Every year I hear more and more people tell me what to do and what not to do when it comes to feeding birds during the winter.
The most common myths about birds in winter:
- Birds will freeze
- All birds fly south
- If you stop feeding birds, they will die
- Nut butter can kill birds
- You shouldn’t leave hummingbird feeders up past the first week of September
- You should take down birdhouses to keep pests out of them
So what is the truth? Let’s get into the details!
Birds Can Freeze During the Winter
Uh, not really. Birds who remain in cold areas have stored up a lot of fat, just like most animals will. They can also puff out their feathers to keep them warm. They will find shelter and survive.
They also won’t freeze into a suet cage. If you’ve had the chance to look closely at bird feet, you’ll notice that they have scale-like skin and plenty of blood flow in those little feet to keep them from freezing to anything. Freezing takes moisture to be introduced to the situation, and birds are usually dry.
If you notice, birds tend to stop bathing in cold weather, despite what the myth says – that they will get wet and freeze. No, they seem to know better than to take the chance. You may want to add a heated bird bath to help keep fresh water available during the winter, and the birds can bathe if they want – but again, unlike humans, birds usually know when to bathe and when not to bathe.
All Birds Fly South for Winter
No, not all birds. And though some may migrate from one place to another, they don’t all go to tropical zones. Sometimes, if the winter is mild, they’ll stick around. They will stay if the place they nested has enough food to support them.
The reason you don’t see them around as often is that they won’t be on the ground looking for insects in the winter. The ground becomes hard, and the insects go deeper. So they will often begin peeling bark and finding insects in trees rather than on the ground.
You also might not notice the same birds from summer are still around due to plumage changes. Sure, the cardinals strut their stuff all year round. But birds like goldfinches or other canaries will drop their brighter colors and take on a darker or more neutral color in winter. They didn’t fly south, they just got a new wardrobe, and you don’t realize it.
Also, did you know they don’t always fly south? Some birds migrate east, west, and north between winter feeding and roosting grounds and spring nesting grounds. And did you know that not all birds travel in flocks? Most hummingbirds just know when to go and where to go on instinct alone.
Did You Know?
Did you know woodpeckers peck at things in late winter to attract mates? It’s their version of “Hey baby…come over here.” and also “If you’re competition, stay out of my territory!” at the very same time.
If You Don’t Continue to Feed Birds All Winter, They Will Die
No, they won’t. For one thing, you’re not the only person feeding birds. They fly from place to place for food. Secondly, only maybe 25 – 30% of a bird’s food comes from bird feeders. The rest comes from natural foraging. So, if you wind up sick or go out of town for the winter, your yard birds will not suffer.
Though there are occurrences of dependency in wild animals that take food from humans, this usually happens when people are too generous with their offerings or feed the animals the wrong thing – such as ducks taking bread. You may end up seeing the same visitors to your feer daily, but that doesn’t mean they aren’t foraging. They may love your feeder, but they also love getting food on their own most of the time.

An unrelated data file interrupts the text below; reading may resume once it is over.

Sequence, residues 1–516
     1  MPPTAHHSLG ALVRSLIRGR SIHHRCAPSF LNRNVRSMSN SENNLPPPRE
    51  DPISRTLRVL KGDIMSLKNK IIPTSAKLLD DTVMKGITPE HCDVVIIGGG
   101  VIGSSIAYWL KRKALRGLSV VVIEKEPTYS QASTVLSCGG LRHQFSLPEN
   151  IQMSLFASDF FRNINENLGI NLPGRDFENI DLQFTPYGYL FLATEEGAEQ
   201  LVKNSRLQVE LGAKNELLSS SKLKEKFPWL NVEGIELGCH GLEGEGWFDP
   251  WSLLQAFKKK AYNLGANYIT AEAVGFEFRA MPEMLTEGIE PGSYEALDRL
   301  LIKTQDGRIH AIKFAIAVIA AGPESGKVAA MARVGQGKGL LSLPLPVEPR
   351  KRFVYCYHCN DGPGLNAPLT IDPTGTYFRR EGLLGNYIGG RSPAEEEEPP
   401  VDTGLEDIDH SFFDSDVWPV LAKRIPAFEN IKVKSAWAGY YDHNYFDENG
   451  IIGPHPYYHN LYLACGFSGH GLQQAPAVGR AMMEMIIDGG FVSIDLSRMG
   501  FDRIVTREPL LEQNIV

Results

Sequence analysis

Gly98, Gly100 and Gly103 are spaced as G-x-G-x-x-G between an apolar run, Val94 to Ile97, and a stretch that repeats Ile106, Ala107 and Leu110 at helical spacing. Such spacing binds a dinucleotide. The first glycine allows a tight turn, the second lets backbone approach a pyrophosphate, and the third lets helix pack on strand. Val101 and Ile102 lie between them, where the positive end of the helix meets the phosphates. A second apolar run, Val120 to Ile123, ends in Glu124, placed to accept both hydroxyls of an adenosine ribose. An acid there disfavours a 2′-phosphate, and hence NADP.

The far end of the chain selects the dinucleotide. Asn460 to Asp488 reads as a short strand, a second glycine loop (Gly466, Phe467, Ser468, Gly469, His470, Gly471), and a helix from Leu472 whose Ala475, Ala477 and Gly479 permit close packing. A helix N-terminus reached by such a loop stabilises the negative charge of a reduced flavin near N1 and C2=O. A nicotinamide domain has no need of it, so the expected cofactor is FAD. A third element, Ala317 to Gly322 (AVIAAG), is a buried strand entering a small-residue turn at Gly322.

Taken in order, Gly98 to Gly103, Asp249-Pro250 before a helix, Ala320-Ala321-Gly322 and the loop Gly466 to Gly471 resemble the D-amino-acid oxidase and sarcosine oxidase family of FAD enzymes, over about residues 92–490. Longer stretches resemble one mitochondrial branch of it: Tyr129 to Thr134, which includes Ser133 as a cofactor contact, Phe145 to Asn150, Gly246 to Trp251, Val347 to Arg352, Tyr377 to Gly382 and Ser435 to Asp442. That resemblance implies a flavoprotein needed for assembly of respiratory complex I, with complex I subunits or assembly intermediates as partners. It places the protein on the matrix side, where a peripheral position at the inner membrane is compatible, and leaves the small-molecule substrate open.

You Shouldn’t Leave Hummingbird Feeders Out Through Autumn
This myth has been passed around for as long as I can remember. The idea is that you need to take down all hummingbird feeders by Labor Day in the United States (the first week of September). If you don’t, you’ll encourage hummingbirds to winter instead of migrating.
Not only is this false, but it can be harmful to take in your hummingbird feeders too early. Hummingbirds make their migration alone. Some hummingbirds may not start until later into the fall, and so they need the extra sustenance a feeder can provide. You should take the feeders down after the first few touches of frost and then put them back up in early spring. The same hummingbirds will come back through.
When it comes to the rest of the birds in your backyard, don’t worry about this myth either. Food availability is only one of many driving factors in migration. What you can do is just try and make your feeders more winter-friendly by adding a roof if you need to.
Nut Butter Is Bad for Birds
Some people think that if you put peanut butter out for birds, it will get all in their feathers and even get stuck in their throats. Not only is this not true, but non-salted nut butter can be a great source of healthy fat for birds trying to survive winter. As a matter of fact, I have a great recipe for making a bird feeder using pine cones and peanut butter in an article about feeding birds.
Take Birdhouses Down During the Winter
The myth is that if you leave birdhouses up, it might encourage other animals to use them for shelter. But did you know that birds will use birdhouses to shelter from cold weather? Yes. And considering the openings on a lot of these birdhouses, it will most likely be a bird that shelters there and nothing else.
Because not all bird species are the same, none of these myths can hold up. Birds are very genetically disposed to instinctual patterns but also depend upon changes in weather, food sources, and daylight to help them with making simple decisions about migration or where to find food. What you put out and how shouldn’t be an issue. Just make sure their space is dry and sheltered in the winter – as much as possible.